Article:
How, then, did the valuable qualitative context become divorced from the number? To answer this, we need to consider the way numbers function within public discourse as a universalising language – a language that allows people to count and measure the world around them and then compare these numbers to someone in a different space and time. Four sticks or three stones can be counted the same way, whether you are in Kinshasa or Santiago. This means numbers function as ever-present and universal pieces of knowledge detached from the context in which they were produced. Therefore, when the ‘4 million people’ number emerged, people thought that no context was needed. It was presumed that for someone in England, Cameroon or Seychelles, ‘4 million’ was a number that could be immediately understood – even if these people did not have a proper sense of its scale, they could appreciate how this number represents ‘hugeness’.

This gives numbers a special power. If something is said in Italian, it will travel quite fast. Say the same thing in English, it will travel faster. But if you say it using numbers, it will – almost without fail – travel further and faster than almost any other language. Thus, using numbers to say something (rather than words) comes with considerable responsibility. Those in the humanitarian sector are responsible for the accuracy and reliability of the numbers they produce, as it is the number (not the surrounding qualitative information) that will come to represent a phenomenon.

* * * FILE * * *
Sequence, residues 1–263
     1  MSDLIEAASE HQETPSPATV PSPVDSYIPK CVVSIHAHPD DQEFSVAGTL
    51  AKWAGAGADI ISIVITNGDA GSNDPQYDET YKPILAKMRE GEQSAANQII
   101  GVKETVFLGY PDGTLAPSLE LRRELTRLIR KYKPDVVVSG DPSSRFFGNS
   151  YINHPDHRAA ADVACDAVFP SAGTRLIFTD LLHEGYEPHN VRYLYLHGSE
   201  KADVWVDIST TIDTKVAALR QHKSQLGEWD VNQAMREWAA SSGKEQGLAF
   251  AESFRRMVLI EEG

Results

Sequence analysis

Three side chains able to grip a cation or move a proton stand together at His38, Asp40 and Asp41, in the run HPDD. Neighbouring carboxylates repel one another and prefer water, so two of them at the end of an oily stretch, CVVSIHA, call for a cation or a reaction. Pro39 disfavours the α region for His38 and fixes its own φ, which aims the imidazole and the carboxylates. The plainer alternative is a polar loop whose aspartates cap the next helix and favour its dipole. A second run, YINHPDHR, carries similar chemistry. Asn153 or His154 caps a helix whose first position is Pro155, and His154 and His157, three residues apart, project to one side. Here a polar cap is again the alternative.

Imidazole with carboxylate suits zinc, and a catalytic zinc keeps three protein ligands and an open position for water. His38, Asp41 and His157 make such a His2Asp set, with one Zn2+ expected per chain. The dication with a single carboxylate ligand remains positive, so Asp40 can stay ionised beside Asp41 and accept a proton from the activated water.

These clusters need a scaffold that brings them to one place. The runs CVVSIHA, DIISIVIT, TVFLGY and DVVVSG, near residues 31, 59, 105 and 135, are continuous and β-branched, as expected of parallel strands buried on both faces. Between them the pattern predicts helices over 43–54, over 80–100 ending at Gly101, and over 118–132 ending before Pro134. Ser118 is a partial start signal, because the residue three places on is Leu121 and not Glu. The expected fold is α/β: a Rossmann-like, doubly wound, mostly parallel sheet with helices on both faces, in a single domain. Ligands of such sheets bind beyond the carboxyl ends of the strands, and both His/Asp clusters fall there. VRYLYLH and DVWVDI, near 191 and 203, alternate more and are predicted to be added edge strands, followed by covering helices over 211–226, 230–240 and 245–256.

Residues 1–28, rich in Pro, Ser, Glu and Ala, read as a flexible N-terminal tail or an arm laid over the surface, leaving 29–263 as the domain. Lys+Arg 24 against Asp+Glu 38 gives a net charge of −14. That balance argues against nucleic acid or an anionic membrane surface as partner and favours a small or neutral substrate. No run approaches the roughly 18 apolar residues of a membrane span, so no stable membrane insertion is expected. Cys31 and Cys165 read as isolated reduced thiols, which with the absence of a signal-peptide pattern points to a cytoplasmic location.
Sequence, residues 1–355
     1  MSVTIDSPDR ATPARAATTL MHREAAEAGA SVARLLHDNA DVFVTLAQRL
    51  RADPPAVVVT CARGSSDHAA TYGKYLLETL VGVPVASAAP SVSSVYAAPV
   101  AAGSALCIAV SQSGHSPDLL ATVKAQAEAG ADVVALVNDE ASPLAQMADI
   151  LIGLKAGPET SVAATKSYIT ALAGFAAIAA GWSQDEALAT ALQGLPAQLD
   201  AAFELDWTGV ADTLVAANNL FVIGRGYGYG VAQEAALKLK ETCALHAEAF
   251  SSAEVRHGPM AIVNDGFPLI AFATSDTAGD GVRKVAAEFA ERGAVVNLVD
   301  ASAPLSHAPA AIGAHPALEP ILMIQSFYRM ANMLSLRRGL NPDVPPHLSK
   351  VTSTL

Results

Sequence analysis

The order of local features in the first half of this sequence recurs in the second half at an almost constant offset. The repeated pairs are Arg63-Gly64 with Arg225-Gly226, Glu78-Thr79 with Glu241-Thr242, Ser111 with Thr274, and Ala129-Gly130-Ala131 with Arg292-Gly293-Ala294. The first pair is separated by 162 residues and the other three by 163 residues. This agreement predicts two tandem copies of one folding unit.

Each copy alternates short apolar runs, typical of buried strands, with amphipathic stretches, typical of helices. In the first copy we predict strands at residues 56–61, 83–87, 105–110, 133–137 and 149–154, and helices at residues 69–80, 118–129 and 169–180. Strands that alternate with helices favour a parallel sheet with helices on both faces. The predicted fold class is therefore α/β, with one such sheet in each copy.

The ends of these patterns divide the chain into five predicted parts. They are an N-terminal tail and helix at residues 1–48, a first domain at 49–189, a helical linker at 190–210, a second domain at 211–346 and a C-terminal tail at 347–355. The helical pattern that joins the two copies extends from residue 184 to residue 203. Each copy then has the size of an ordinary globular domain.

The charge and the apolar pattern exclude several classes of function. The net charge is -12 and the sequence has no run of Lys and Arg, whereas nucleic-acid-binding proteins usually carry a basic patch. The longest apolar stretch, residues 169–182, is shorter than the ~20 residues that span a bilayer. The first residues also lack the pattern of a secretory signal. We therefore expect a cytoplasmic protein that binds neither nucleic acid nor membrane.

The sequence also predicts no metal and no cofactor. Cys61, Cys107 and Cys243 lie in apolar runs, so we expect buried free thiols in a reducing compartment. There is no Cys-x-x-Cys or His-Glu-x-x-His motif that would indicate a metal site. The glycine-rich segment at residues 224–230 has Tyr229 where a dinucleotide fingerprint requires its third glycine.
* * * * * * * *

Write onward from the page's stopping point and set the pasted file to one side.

5. Numbers Can’t Be Better than the Institutions that Produce Them

Proponents of the ‘data revolution’ may dream aloud about numbers produced by artificial intelligence and remote sensing. This dream has been somewhat validated with spending on big data, machine learning, digital tools and data analysis over the past decade. But the hype for digital data production has concealed the fact that the production of numbers is still a labour-intensive process. The reality is that most numbers are still produced by institutions – configurations made up of labour, materials, technology, hierarchies and expertise. Even cutting-edge technologies do not replace institutions. To produce sound data requires long-lasting investments in bureaucratic capacities and qualified staff.